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Ohio Swamped by Rising Floodwaters; Iraq & Vietnam Lessons; Hillary Clinton: Prime Minister Nuri al-Maliki Should Resign

Aired August 22, 2007 - 16:00   ET


WOLF BLITZER, CNN ANCHOR: Happening now, we're following breaking news, a state of emergency in Ohio, swamped by rising floodwaters. We have some brand new video of communities turned into lakes and the rush to rescue trapped residents.
Also, Hurricane Dean strikes again. Its second blast across Mexico threatens to unleash mudslides and flooding.

We're live in the storm zone and watching where Dean heads next.

President Bush connects the dots between the wars in Iraq and Vietnam, but he gets sidetracked by trying to clarify his support for Iraq's prime minister. This hour, a top Democrat joins calls for Nuri al-Maliki's ouster.

I'm Wolf Blitzer. You're in THE SITUATION ROOM.

But up first, the breaking news out of Ohio. The governor there declaring a state of emergency in nine counties, where residents are navigating waters that are waist deep or worse. Heavy downpours in the area have left Ohio soaked and in danger by the deepest floodwaters in nearly 100 years.

We have some dramatic new pictures just coming into THE SITUATION ROOM of the watery nightmare as it's unfolding.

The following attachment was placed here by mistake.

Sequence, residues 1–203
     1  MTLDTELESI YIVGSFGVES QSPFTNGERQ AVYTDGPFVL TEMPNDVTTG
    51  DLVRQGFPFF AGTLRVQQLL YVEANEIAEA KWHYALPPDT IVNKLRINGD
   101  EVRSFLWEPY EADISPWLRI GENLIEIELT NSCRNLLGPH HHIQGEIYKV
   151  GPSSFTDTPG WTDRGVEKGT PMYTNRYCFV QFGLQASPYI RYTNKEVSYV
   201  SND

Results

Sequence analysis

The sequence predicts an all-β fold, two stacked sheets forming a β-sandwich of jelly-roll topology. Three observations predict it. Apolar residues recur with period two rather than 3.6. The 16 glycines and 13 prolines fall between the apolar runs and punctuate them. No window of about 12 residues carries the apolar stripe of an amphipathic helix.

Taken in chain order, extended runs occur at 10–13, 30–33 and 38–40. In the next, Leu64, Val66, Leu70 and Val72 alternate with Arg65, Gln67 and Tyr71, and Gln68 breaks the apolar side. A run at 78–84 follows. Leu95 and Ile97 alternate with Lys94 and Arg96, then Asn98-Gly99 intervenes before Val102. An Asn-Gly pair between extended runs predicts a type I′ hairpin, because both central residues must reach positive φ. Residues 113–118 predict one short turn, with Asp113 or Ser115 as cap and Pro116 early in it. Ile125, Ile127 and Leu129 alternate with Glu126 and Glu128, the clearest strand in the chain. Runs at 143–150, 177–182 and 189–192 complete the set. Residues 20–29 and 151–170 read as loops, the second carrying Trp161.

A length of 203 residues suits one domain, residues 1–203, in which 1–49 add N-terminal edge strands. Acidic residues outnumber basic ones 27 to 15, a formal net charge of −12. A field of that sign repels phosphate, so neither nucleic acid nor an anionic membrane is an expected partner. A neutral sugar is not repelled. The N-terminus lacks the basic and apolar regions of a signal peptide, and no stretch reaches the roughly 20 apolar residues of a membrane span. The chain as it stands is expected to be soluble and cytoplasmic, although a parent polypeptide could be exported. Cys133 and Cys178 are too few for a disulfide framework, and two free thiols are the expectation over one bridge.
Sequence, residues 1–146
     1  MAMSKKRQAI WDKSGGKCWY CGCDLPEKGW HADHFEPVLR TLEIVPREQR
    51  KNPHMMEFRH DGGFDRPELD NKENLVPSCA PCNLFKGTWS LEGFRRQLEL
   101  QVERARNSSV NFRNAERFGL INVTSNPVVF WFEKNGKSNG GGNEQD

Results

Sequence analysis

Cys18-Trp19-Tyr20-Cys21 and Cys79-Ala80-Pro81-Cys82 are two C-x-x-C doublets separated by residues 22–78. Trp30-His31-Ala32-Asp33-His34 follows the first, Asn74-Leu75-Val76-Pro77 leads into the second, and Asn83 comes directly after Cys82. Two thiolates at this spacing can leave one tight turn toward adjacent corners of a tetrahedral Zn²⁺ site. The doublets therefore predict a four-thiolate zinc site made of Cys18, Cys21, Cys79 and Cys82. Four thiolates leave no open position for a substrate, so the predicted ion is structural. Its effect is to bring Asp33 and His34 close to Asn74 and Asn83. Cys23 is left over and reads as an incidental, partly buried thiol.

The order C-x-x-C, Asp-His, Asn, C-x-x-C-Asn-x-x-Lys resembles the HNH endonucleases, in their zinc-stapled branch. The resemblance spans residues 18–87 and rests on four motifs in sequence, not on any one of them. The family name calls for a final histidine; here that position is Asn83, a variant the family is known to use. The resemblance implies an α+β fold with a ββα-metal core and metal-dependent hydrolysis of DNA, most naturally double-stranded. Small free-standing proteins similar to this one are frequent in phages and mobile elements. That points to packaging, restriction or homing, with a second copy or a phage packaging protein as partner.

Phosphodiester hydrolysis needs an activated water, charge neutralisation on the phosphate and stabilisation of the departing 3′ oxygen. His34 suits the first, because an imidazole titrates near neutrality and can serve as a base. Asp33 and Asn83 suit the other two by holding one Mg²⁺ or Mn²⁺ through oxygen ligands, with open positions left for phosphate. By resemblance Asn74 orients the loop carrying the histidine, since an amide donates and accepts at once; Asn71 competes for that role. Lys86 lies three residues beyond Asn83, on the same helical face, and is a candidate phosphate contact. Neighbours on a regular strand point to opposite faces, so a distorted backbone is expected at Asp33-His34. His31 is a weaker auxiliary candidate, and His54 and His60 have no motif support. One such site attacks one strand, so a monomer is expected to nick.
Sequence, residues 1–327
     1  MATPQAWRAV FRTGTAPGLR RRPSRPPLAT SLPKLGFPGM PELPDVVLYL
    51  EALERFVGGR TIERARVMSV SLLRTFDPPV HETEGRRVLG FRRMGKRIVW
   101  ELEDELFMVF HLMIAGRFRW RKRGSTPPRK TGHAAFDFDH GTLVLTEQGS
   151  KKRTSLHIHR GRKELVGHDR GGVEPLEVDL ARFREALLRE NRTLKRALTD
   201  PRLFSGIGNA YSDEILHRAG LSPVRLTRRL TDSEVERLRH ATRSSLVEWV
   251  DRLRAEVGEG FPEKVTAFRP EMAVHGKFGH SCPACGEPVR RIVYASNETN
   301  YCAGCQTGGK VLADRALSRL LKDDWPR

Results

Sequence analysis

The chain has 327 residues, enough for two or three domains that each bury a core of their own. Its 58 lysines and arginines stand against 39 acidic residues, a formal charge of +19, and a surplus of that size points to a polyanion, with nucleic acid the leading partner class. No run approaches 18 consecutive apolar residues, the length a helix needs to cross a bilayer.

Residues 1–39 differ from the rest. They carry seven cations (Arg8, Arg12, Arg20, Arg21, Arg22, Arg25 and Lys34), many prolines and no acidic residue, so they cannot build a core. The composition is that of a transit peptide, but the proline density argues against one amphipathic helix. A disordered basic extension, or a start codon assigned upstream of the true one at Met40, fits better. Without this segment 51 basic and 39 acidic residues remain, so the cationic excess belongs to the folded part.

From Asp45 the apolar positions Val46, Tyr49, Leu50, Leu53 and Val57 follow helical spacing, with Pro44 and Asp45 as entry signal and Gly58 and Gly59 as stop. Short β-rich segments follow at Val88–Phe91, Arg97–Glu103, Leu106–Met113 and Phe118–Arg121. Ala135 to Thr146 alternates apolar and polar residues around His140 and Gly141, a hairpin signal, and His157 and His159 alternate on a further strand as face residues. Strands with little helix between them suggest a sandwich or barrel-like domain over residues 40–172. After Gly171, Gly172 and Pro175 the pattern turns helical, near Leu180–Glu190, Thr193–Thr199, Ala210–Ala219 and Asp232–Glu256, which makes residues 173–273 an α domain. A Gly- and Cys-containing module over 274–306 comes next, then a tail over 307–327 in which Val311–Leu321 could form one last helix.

Let's turn to CNN's Carol Costello.

Carol, you're from Ohio. You know these areas. Give us a sense of what is going on.

CAROL COSTELLO, CNN CORRESPONDENT: Well, the pictures we're looking at right now, Wolf, are from Findlay, Ohio. My in-laws live nearby in Toledo. Findlay is in the northwest corner of the state, and as you can see, the floodwaters are very deep here. Nearly every street, every home, every business flooded here.

The Blanchard River runs through Findlay, Ohio. It's already seven feet above flood stage. And they're expecting more rain. That means that river is going to go up another half a foot. And you can only imagine, Wolf, what that will do.

Findlay is very flat. So there's not many places for the water to go. It just sort of stays there.

The ground is already saturated because it has been literally raining for days in Ohio. Cemeteries are flooded, gas stations are flooded.

As you can see, they're rescuing people by boat. From what I understand, they've had to rescue at least 100 people by boat.

They've opened up shelters. They've bused people to nearby towns just to get them out of their homes. But what a mess this is going to be -- Wolf.

BLITZER: The area -- this is a major metropolitan area. We saw earlier flooding in Oklahoma and Minnesota. Now yesterday it started coming down majorly in Ohio. But these are areas where there are lot of people affected.

COSTELLO: Yes, a lot of people. This is a medium-sized city, I would say. And other parts of Ohio have been flooded as well.

Mansfield, Ohio, you heard the governor declare a state of emergency in at least nine counties. Ohio is a very large state.

I understand the National Guard is now helping out in some areas to get these people to safety. And, you know, they're just wondering, when will this end, because they're expecting more rain.